Clearly, something other than a wholehearted endorsement of the capitalist regime! Hey, Tom! No wonder former Whitney president Leonard Lauder seemed less than happy to meet you!

By the way, how much did the Whitney budget for this witty little doodad? $10,000, somewhat less than its fabrication cost, according to Otterness. And the museum raised $1.3 million. A parable of the true relationship between artist and patron?

By the way, during the dinner the museum apparently thought it wise to wall off anything that might offend ñ not only the Charles Ray survey but also the gestural Pat Steir mural down in the restaurant. The Andrew Wyeth landscape show was left open.


The Milwaukee Art Museum and its energetic director, Russell Bowman, came to town to tout its new $50-million expansion by Spanish architect Santiago Calatrava even though it's not scheduled to be unveiled until mid-2000. The new wing will add 28,000 square feet of gallery space to the original 1957 building, designed by Eero Saarinen, and the 1975 addition by Milwaukee architect David Kahler.

Calatrava's design is extreme. It suggests a boat or ship (the museum's on Lake Michigan) and has a soaring, 90-foot-high "apse" that's shaded by a brise soleil, a moveable sunscreen that opens up like wings! I can't imagine making it work and in fact, the model on view didn't.

Lunch at Bolo, a restaurant in the East 20s, was great! And in his presentation, Calatrava did some simple drawings on a big newsprint pad. They were still there when I left -- I should have grabbed one!


He used to be a mild-mannered Art in America reviewer from Troy, N.Y. Then came the call from the New York Times. Now, critic Ken Johnson can be as tough as any of them. That's why it's pleasure in repeating his one-sentence description of the show by Los Angeles artist Dave Muller at Curt Marcus. "Mr. Muller stencils a personal greatest hits list ('Man Ray, Charles Lamb, Eva Hesse') around the room and adds handmade copies of famous art exhibition posters," writes Johnson.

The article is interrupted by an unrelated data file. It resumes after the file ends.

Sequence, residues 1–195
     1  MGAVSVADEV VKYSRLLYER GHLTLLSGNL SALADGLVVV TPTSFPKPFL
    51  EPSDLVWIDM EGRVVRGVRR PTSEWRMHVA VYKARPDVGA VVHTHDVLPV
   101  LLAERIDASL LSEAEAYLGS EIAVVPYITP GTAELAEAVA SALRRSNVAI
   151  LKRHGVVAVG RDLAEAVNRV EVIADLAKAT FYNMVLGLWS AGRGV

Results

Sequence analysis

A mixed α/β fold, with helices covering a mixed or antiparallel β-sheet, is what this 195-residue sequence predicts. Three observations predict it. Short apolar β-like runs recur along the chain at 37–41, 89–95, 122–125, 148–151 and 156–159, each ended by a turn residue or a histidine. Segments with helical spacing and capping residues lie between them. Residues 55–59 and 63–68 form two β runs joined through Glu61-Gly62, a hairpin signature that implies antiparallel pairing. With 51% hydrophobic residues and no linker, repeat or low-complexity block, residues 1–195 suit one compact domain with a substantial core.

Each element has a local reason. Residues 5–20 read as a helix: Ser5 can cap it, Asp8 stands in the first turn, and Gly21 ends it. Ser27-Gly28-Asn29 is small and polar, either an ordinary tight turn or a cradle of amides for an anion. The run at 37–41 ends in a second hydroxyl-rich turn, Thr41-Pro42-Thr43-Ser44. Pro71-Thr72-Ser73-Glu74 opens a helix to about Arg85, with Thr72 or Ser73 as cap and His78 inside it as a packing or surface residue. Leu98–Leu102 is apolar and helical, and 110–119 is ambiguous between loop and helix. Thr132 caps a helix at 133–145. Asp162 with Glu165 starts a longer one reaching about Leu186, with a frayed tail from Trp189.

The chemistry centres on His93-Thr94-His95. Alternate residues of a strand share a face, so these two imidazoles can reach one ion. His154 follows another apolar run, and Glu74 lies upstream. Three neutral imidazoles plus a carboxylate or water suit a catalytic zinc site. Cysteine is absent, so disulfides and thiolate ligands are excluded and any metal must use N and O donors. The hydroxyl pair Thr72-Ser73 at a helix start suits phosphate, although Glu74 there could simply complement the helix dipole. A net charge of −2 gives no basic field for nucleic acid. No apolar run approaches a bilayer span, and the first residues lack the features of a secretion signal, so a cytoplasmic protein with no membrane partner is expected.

Unfortunately for our cavalier critic, the list is traced not stenciled, appropriated not personal (it's Alex Katz's) and the posters are originals not copies. Ouch! Now, what does he mean when he calls the work "sedate"? Is it a nice way of saying "it sucks?"


What was that I just saw out of the corner of my eye on HBO? An ad for Jerry Seinfield on Broadway, with the comic posing as an artist in his studio, throwing a bucket of yellow paint on a blank canvas. Looks lame!
 

Charles Ray
Male Mannequin
1990

Art critics get no respect -- especially in an ascending market! There I was, standing at the press preview of the Charles Ray survey at the Whitney Museum with two other exceptionally influential art critics, Jerry Saltz and Linda Yablonsky, talking to the exhibition's curator, Paul Schimmel from the Museum of Contemporary Art in Los Angeles. Up comes SoHo dealer David Zwirner and his new partner, Zurich dealer Ivon Wirth. Suddenly, Schimmel breaks away mid-sentence to give them a personalized tour of the show! Hey, it was the press preview, not the dealer preview!!! And I was saying something really interesting!!

Art journalists don't do much better. At Christie's post-auction press conference back on June 3, New York Times reporter Carol Vogel called out chief auctioneer Christopher Burge on the auction-house practice of puffing up sale results by adding in the auction-house commission before calculating how many lots sold for above their presale estimates -- estimates that don't include the commission. What's the breakdown without the commissions figured in, Vogel wanted to know. Burge declined to offer any help. "You can quickly work it out yourself, Carol," Burge smirked.


WALTER ROBINSON is editor of ArtNet Magazine.